Generally, courts may not consider material outside the complaint when ruling on a motion to dismiss. Hal Roach Studios, Inc. v. Richard Feiner & Co., 896 F.2d 1542, 1555 n.19 (9th Cir. 1990). However, documents specifically identified in the complaint whose authenticity is not questioned by parties may also be considered. Fecht v. Price Co., 70 F.3d 1078, 1080 n.1 (9th Cir. 1995) (superseded by statutes on other grounds). Moreover, the court may consider the full text of those documents, even when the complaint quotes only selected portions. Id. It may also consider material properly subject to judicial notice without converting the motion into one for summary judgment. Barron v. Reich, 13 F.3d 1370, 1377 (9th Cir. 1994).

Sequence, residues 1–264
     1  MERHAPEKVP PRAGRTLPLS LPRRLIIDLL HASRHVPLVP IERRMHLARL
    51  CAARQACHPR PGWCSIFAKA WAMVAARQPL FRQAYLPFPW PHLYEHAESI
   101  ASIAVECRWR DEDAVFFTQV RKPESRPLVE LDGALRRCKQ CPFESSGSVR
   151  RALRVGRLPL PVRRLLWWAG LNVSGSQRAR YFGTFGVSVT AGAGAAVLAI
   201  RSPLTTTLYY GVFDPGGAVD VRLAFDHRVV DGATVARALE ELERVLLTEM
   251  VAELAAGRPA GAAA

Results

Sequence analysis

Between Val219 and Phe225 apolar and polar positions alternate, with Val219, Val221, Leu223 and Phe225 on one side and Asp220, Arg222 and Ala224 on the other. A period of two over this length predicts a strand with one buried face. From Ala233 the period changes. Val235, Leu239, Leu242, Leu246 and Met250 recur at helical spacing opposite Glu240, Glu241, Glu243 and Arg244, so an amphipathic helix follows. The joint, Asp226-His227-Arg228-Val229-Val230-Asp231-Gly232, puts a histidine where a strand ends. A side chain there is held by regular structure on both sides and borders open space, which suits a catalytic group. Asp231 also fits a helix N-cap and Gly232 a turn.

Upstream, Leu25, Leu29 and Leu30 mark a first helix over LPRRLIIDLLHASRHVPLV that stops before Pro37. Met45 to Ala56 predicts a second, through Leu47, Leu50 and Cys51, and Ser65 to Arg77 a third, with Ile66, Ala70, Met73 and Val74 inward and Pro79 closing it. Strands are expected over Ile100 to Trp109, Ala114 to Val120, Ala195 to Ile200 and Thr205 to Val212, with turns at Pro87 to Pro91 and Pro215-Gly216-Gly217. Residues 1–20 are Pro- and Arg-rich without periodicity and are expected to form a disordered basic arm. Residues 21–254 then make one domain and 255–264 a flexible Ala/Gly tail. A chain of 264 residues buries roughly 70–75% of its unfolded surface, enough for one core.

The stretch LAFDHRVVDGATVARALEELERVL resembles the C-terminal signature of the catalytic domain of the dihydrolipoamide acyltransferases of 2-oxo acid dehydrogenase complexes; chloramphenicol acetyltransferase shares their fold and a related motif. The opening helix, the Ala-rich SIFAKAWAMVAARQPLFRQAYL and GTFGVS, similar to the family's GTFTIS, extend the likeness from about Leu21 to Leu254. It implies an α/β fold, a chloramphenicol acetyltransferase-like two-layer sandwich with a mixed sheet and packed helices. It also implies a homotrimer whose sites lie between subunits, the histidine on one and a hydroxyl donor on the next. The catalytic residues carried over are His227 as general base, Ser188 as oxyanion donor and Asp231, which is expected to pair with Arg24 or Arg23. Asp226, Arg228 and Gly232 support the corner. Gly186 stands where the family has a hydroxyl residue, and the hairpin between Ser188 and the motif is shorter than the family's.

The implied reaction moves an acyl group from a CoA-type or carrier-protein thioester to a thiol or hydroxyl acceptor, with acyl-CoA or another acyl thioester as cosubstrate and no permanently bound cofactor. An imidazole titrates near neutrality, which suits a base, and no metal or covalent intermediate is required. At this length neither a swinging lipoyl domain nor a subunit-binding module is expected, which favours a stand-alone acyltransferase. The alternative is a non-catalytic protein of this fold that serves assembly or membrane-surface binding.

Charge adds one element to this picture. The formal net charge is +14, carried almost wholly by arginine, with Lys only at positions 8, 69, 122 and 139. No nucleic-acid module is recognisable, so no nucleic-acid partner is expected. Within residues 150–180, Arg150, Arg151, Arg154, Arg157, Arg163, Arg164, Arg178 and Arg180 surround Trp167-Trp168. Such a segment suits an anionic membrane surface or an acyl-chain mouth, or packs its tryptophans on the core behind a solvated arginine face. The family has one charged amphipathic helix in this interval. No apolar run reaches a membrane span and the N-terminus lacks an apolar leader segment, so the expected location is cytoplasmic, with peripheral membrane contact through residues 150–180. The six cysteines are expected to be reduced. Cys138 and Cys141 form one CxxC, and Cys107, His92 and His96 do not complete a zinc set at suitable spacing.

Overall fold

As a general rule, a court freely grants leave to amend a complaint which has been dismissed. Fed.R.Civ.P. 15(a). However, leave to amend may be denied when "the court determines that the allegation of other facts consistent with the challenged pleading could not possibly cure the deficiency." Schreiber Distrib. Co. v. Serv-Well Furniture Co., 806 F.2d 1393, 1401 (9th Cir. 1986).


A. Breach of Contract

Under California law, there are four elements to a breach of contract: "(1) the existence of a contract, (2) plaintiff's performance or excuse for nonperformance, (3) defendant's breach, and (4) the resulting damages to the plaintiff." Oasis West Realty, LLC v. Goldman, 51 Cal.4th 811, 821 (2011).

Defendants argue that Plaintiffs fail to plead how Jani-King's alleged conduct breached the franchisee contracts. Defs.' Mot. 5:24-25. In their Complaint, Plaintiffs allege Jani-King ...